The discussion quickly reached a deadlock, and started going around in a circle. The same suggestions, the same denials were repeated again and again, with only changes in the words used to express them. I knew how to put an end to that unproductive exchange. All I had to do was accept their persuasion and shut up. However, I just couldn’t give up for some reason. Why won’t they listen? I wondered irritably as I spoke again.
“Is what I’m saying that weird? That story already appeared in the newspapers, so those who know it, know it. Why can’t we publish it, then?”
“Calm down, Urino.”
President Doujima looked at me without unfolding his crossed arms. With his blocky head and wide frame, the stern president gave off the feeling of a thick wall towering ahead whenever he folded his burly arms. However, I was not frightened. In fact, I was irked by his wearisome countenance.
“I am calm. Are you even listening, President?”
“Yeah, I am.”
The body that had sunken deep into the seat slowly started straightening up and moving to the front. President Doujima put force into his words, as if saying, “This is the last time.”
“You’re the one who doesn’t understand. Let me sum it up for you. We publish a school newspaper in this club, not the regional edition of the national newspaper. Do you think that we can interview the police or get comments from the victims? If we get into trouble by any chance, who’s going to take responsibility? Your parents? Our advisor, Miyoshi? Or me?
“I understand your feeling of wanting to cover some incidents in this city, but that’s an overreach. If you have to say something to the masses no matter what, how about the readers’ column in the morning paper? I think there’s a ‘Young Voices’ corner.”
He was not saying it sarcastically, but was wholeheartedly recommending that course of action to me. Even so, that made me all the more irritated.
If we needed to listen to the police, we could just go for it. We could also obtain the victims’ comments if we so wished. Why was the President being so indecisive?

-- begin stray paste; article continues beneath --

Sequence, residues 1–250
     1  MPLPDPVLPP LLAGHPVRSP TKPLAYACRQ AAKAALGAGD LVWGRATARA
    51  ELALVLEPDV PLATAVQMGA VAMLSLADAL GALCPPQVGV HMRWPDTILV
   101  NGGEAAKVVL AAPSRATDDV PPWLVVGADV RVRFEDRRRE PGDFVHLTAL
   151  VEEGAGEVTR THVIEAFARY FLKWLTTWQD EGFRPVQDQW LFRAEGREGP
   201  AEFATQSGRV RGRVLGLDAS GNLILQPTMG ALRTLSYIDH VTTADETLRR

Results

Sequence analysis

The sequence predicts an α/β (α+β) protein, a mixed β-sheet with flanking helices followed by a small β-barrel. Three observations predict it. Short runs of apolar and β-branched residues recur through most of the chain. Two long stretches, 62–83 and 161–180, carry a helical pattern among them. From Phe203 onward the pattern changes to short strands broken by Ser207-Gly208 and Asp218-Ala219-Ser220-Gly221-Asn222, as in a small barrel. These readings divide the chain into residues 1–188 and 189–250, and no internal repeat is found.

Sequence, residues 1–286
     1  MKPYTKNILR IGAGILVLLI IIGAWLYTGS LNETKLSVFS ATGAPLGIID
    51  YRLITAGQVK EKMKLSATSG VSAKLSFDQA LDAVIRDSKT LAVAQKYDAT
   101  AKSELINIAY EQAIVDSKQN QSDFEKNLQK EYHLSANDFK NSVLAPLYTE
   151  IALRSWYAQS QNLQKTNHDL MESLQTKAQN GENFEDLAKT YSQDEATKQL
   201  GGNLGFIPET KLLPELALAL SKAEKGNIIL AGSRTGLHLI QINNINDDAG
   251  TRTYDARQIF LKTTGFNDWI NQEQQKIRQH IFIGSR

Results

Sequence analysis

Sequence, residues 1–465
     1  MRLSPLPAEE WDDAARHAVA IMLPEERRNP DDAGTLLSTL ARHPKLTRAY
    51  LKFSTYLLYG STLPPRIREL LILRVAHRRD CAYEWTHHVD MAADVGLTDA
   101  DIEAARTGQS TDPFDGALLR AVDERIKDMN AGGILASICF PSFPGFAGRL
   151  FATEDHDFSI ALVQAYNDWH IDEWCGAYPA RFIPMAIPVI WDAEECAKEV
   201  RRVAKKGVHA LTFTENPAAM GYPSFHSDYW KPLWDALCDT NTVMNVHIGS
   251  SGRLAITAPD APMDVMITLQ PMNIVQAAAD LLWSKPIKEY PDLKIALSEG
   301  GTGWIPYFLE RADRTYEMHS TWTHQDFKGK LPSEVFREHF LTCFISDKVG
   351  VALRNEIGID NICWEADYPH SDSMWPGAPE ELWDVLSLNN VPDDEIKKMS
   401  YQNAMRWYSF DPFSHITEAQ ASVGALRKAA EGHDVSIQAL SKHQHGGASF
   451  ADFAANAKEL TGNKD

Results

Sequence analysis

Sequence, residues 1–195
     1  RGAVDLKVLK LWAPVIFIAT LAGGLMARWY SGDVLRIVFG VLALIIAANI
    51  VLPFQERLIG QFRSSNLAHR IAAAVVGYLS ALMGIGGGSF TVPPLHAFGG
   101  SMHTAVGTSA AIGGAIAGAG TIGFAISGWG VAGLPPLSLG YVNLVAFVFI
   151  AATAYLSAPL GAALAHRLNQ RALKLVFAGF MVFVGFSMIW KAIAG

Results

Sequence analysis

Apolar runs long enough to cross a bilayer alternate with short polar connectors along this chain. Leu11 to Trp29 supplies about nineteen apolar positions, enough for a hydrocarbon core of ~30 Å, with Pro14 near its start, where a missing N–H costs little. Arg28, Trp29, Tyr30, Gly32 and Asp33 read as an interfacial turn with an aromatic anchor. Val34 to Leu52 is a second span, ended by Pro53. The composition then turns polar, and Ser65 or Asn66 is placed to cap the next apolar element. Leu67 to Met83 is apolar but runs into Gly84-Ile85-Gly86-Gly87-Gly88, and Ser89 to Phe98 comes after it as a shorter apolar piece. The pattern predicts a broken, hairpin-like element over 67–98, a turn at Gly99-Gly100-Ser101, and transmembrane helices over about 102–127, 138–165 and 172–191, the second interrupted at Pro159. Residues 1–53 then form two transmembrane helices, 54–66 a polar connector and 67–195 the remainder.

“As I said! About this article…”
I slapped the newspaper laid open on the desk two or three times with the palm of my hand. Written on it was an article with the title “Delinquent Group Kidnaps One Of Their Own”.
“There is information that the kidnapped person is a student in this school. It’s a school topic, isn’t it? Why can’t we cover it, then?”
President Doujima was apparently done with arguing. He replied with a sigh.
“I understand your motive, Urino. If we publish this story, you’ll use it as a precedent to bring in more stories from outside of school in the coming months, right?”
Ulterior motive or not, I’d certainly advocated for that.
“And what’s wrong with that?”
“Ah, whatever. This is my executive decision. Or we could do a majority vote, if you like. Either way, this space will be for a follow-up report on the Sports Festival.”
I looked around the clubroom.
Some notes here, some photographs there. With everything piling up and no decent organization of items, the Printing Preparation Room had turned into a place where you couldn’t make heads or tails of anything. The Funado High School Newspaper Club, which was using the room, had a total of five members. There used to be a female senpai before the summer holidays when the third-year students retired, but now it was all guys.
Doujima Kengo, a second-year student, was the president of the club. He had a well-built body, like that of an athlete, as well as a stern face, giving him a dignified presence. However, to me he looked to be a person with conservative values, or even a coward.